Tobacco exports surge 40pc, as planting of season’s crop stutters The drop in the planted area was certainly going to be reversed as most small-scale farmers had started planting.

Edgar Vhera Agriculture Specialist Writer

A MISHMASH of factors such as growing export volumes and value addition on the backdrop of firming commodity prices has laid the foundation for a 40 percent increase in the value of tobacco exports, which saw earnings growing from US$801 million in 2022 to US$1, 1 billion this year.

Statistics availed by the Tobacco Industry and Marketing Board (TIMB) weekly report 47 dated November 24 show that tobacco valued at US$801 308 928 had been exported by November 24 in 2022 against US$1 123 475 676 in the comparable period this year.

The volume rose 27 percent from 168 668 997 to 214 489 075 kilogrammes.

The average price increased 10 percent from US$4, 75 per kilogramme to US$5, 24. The Far East market was the largest consumer of the country’s tobacco accounting for 47 percent of the volumes while in value terms it contributed 64 percent as a result of the highest average price of US$7, 14 per kilogramme.

Meanwhile, farmers continue to gaze into the skies in anticipation of rains, which have delayed the start of rainfed tobacco planting under the ‘sima dhinda’ practice.

The same TIMB report shows that there was a 14 percent decline in planted area as at November 24 this year in comparison to the same period last year, although more planting activities are expected after the first effective rains are received nationwide.

The report indicated that the area planted under both dryland and irrigated tobacco dropped from 45 696 hectares in 2022 to 39 122 in the comparable period this year.

Mashonaland West had the largest drop of 24 percent in planted area followed by Mashonaland East with 20 and Manicaland at 10 while only Mashonaland Central and Midlands provinces had positive gains of seven and 100 percent respectively.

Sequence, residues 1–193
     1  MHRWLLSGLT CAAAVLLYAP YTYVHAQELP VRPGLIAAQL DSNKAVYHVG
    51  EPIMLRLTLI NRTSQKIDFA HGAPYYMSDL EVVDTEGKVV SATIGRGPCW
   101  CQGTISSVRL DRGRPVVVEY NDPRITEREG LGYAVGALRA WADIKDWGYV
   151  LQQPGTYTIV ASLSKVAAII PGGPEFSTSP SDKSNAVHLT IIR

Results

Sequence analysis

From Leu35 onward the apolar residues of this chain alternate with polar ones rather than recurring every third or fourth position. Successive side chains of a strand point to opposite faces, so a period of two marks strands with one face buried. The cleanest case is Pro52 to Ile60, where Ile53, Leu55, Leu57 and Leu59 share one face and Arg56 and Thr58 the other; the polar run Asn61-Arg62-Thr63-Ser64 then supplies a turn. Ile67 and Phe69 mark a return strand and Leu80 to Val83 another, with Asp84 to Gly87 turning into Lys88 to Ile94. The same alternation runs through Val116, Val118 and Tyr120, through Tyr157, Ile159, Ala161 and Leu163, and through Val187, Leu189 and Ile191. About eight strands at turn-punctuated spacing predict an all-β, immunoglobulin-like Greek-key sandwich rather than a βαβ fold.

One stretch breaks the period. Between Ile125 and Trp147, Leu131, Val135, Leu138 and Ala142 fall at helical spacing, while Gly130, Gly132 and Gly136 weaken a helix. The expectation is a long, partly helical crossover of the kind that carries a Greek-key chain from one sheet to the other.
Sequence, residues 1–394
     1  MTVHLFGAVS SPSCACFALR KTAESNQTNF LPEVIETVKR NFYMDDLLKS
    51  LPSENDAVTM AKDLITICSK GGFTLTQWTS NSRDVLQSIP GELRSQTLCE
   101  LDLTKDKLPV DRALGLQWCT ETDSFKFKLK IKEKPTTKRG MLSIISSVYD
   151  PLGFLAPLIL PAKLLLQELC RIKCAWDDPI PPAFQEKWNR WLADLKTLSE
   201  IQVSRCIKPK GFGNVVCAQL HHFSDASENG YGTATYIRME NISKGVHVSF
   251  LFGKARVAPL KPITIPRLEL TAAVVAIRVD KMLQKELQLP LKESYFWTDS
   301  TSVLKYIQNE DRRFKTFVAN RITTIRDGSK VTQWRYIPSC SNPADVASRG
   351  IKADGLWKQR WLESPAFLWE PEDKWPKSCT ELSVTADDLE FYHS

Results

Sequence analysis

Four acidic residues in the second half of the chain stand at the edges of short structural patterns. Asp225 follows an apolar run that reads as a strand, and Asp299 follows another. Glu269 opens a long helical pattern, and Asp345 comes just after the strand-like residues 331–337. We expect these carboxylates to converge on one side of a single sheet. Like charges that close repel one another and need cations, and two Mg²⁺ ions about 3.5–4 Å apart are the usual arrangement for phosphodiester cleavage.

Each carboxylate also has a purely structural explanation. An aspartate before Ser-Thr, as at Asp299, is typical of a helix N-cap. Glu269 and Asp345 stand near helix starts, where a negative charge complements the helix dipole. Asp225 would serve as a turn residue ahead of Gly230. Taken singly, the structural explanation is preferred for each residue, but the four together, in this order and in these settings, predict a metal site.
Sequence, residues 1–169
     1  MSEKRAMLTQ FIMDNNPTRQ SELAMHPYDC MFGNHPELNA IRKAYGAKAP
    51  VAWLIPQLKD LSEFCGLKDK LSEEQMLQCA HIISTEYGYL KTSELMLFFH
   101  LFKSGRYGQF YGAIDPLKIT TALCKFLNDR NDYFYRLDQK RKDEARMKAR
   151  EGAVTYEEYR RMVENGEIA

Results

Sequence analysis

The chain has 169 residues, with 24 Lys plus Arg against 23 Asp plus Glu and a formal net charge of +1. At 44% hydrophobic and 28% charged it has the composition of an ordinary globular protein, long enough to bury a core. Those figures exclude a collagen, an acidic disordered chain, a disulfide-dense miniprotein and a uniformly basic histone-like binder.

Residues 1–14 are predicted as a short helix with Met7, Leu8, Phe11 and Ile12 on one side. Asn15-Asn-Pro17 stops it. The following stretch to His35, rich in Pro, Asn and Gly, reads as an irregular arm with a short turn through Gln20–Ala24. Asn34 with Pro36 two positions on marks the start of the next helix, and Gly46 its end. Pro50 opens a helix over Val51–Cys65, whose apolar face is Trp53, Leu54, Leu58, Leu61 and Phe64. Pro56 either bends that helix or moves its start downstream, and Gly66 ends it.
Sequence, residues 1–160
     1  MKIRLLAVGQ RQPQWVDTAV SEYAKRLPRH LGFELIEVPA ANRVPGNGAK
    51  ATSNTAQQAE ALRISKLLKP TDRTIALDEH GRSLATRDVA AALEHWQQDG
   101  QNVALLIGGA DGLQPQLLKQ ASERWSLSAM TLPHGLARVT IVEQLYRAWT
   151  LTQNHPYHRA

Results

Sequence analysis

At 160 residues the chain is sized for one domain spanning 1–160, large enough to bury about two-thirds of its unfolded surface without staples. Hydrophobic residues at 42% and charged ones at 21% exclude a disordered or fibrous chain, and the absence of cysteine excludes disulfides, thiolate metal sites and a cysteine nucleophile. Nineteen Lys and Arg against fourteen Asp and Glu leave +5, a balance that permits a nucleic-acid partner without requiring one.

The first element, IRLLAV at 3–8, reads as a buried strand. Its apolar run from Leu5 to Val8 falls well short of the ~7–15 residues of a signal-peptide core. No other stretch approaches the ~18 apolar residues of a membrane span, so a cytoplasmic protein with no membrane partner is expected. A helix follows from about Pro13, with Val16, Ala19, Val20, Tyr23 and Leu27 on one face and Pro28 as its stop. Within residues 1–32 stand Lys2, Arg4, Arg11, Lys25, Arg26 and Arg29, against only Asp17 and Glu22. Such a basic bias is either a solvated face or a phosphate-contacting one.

Overall, the hectarage under dryland tobacco dropped 27 percent from 28 533 to 20 859 hectares.

Area under irrigation rose six percent from 17 164 to 18 262 hectares as farmers try to counteract the effects of the predicted harsh weather pattern.

TIMB Public Affairs Officer Mrs Chelesani Tsarwe said the decline in this year’s tobacco hectarage could be attributed to the changing rainfall patterns.

“In contrast to the previous year when the country experienced early rains, allowing for a larger area to be planted earlier in the season, this year’s late rains have delayed planting and resulted in a smaller planted area. The shift in rainfall patterns has had a significant impact on the timing and extent of tobacco cultivation,” she said.

Tobacco Farmers Union Trust (TFUT) president Mr Victor Mariranyika said a combination of factors from natural to economic were at play.

“Last year the rainfall pattern was more favourable to tobacco production as compared to the current season. Some contacting companies failed to comply with TIMB regulations and still owe farmers substantial amounts of money. The selling and buying model was skewed against farmers, as it was insensitive to the production cost resulting in farmers losing out with the majority failing to pay back their loans,” he said.

He said although the country managed to achieve close to 300 million kilogrammes of tobacco there was nothing for farmers to show for it financially.

Zimbabwe Tobacco Association (ZTA) Chief Executive Officer Mr Rodney Ambrose concurred saying in the past season planting started much earlier than this time, thanks to the ideal weather patterns experienced and farmers’ better state of preparedness.

“This season, the rains have been delayed and some farmers will be planting slightly less to mitigate losses that may be experienced as a result of a drier season. There are also declining sustainable wood sources for curing tobacco, so some farmers may be cutting back on hectarage planted,” he said.

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